Supplementary Material for: Prevalence of Hypersensitivity Reactions in Children Associated with Acetaminophen: A Systematic Review and Meta-Analysis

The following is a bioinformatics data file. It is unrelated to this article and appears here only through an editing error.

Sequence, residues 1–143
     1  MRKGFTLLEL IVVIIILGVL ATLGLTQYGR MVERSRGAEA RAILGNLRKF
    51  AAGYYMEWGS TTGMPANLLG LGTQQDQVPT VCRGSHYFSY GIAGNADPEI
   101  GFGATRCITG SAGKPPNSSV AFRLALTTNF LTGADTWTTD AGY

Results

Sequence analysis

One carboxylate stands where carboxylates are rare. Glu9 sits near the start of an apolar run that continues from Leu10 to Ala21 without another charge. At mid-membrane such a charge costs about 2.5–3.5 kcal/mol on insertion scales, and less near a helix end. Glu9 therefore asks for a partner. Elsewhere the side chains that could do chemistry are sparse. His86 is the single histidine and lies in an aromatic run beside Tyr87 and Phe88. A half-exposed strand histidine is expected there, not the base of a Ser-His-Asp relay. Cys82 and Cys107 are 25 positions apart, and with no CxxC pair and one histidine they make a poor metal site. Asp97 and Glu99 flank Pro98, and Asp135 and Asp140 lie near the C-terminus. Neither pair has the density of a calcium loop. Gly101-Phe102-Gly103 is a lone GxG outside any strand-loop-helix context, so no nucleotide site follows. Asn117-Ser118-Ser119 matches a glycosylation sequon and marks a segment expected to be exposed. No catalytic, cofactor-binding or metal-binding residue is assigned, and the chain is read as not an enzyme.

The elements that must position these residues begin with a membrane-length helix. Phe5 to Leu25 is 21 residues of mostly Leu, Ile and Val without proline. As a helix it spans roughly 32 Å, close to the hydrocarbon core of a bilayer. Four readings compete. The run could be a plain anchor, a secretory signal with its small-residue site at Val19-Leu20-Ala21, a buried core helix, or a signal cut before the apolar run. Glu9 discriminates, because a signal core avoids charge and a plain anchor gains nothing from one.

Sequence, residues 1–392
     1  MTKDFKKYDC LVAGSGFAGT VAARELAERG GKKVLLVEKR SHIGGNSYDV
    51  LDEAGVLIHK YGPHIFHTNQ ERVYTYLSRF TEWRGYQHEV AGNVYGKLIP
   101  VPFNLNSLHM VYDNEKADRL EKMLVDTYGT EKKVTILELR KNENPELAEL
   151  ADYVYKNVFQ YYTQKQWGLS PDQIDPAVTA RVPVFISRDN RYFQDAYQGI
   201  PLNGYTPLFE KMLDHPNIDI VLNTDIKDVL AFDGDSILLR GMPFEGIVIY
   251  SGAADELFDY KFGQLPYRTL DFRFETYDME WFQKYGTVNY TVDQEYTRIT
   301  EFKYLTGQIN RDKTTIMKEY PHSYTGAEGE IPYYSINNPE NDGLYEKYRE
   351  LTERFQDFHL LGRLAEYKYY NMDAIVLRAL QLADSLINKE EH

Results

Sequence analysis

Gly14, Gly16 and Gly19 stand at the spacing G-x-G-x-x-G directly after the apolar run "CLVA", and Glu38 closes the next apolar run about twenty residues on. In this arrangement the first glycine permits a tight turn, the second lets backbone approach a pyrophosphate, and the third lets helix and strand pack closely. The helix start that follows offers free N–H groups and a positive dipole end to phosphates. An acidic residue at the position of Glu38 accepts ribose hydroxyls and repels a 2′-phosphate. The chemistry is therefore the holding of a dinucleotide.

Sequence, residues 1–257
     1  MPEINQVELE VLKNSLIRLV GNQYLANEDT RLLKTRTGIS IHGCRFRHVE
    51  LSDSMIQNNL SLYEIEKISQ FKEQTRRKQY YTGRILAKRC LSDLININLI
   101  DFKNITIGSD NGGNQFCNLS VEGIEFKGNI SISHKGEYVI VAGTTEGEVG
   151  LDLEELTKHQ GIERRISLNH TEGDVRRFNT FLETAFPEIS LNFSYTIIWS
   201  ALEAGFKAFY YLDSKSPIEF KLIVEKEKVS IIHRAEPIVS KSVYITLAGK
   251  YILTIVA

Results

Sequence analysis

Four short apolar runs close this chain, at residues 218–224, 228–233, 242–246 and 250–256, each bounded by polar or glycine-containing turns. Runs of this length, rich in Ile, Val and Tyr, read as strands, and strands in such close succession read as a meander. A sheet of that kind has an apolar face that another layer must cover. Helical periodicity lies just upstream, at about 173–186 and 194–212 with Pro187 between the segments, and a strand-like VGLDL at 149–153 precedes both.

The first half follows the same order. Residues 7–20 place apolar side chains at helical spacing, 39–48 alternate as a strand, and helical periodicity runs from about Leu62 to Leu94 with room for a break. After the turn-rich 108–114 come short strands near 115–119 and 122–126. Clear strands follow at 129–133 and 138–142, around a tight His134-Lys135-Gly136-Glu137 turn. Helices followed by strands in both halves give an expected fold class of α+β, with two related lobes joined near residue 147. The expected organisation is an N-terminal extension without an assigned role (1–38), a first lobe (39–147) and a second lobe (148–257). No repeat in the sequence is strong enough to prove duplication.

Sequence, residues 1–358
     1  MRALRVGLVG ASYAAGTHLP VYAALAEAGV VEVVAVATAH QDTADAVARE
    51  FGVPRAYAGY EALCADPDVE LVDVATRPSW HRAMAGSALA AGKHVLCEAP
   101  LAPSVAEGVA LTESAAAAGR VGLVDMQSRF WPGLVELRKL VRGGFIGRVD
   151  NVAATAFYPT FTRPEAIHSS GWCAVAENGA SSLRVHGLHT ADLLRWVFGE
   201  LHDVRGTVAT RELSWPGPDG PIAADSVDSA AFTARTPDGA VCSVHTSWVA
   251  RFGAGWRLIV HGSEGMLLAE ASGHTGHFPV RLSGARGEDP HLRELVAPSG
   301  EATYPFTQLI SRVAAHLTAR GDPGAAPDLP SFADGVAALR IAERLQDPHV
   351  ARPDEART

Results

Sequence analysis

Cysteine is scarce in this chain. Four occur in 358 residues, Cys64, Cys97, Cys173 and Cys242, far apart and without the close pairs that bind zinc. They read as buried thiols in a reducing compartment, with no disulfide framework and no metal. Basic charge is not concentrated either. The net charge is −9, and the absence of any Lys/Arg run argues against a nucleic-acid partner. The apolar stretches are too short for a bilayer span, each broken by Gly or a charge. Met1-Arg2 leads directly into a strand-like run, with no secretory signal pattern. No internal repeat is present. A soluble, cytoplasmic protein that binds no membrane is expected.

Background: Acetaminophen is the most commonly used antipyretic in children. However, there are limited data assessing hypersensitivity reactions related to acetaminophen usage. Objectives: To conduct a systematic review to characterize reported reactions to acetaminophen in adults and children, and perform a meta-analysis to assess the prevalence of acetaminophen hypersensitivity in children with a suspected acetaminophen allergy. Methods: We performed a systematic review of studies reporting hypersensitivity reactions to acetaminophen by searching 2 electronic databases. From the selected studies, we included those assessing the prevalence of acetaminophen hypersensitivity by performing oral challenge in our meta-analysis. Results: Eighty-five studies were included in the systematic review, assessing a total of 1,030 participants. Immediate (within 1 h of exposure) hypersensitivity reactions were reported in > 25% of the articles, while cutaneous nonimmediate reactions were similarly reported in about 25% of the articles. The remaining articles reported Steven-Johnson syndrome/toxic epidermal necrolysis, fixed drug eruptions, and cross-intolerance reactions. Five pediatric studies were included in our meta-analysis. The prevalence of acetaminophen hypersensitivity reaction among children undergoing oral challenge was 10.1% (95% confidence interval 4.5–15.5). Conclusion: Future studies assessing the risk of immediate and nonimmediate hypersensitivity reactions to acetaminophen and elucidating the mechanism of acetaminophen hypersensitivity reactions are required.